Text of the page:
in China, UK, USA

Asia Beijing Corporation is running a recovery room scam, targeting Bar Works victims

Asia Beijing Corporation is cold calling victims of Renwick Haddow’s scam, Bar Works. Asia Beijing Corporation claims to be able to “exchange the toxic asset” for shares in Ant Financial Services Group. Of course, Asia Beijing Corporation is running a ridiculously obvious recovery room scam.

We’ll look briefly at Asia Beijing Corporation’s recovery room story, followed by the red flags raised.

Asia Beijing Corporation claims to be “involved in the preparation for the eventual listing on the stock exchange in Hong Kong or the United States of Ant Financial Services Group/Alipay”. Asia Beijing Corporation tells Bar Works victims that Ant Financial needs UK individuals as shareholders so that it can list on the London Stock Exchange.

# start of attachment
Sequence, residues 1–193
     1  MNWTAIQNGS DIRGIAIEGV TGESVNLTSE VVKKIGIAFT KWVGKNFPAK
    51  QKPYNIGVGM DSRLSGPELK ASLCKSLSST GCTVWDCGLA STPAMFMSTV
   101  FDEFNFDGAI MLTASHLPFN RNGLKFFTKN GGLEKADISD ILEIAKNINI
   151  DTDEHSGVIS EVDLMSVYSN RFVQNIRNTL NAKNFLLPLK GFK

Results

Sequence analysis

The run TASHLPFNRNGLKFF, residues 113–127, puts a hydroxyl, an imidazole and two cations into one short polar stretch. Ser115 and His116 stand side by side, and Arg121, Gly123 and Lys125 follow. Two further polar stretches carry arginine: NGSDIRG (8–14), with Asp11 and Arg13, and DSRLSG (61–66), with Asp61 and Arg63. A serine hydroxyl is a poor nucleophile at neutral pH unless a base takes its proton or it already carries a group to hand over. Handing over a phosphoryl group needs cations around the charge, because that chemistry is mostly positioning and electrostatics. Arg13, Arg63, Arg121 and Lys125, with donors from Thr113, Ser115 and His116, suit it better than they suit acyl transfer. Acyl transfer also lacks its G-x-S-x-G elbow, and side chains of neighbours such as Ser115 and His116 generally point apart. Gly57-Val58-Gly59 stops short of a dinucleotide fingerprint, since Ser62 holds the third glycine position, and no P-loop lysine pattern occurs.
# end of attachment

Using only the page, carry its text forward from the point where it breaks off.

“That is the reason why,” Asia Beijing Corporation writes in an email follow-up to its cold calls, “Asia Beijing Corporation is interested in exchanging your investment from you for a small profit in exchange for shares in Ant Financial Services Group/Alipay at no additional cost to you.”

Obviously, this is all nonsense.

Here are Asia Beijing Corporation’s red flags:

Asia Beijing Corporation is cold calling Bar Works victims

red flagHow does Asia Beijing Corporation know who has invested in Bar Works? The answer is that the names are on a “sucker list”. These lists consist of names, addresses, phone numbers, and background information about victims of scams.

Boiler room operations collect details about the people they have scammed. Scammers sell this information, called “sucker lists”, to other boiler room operations.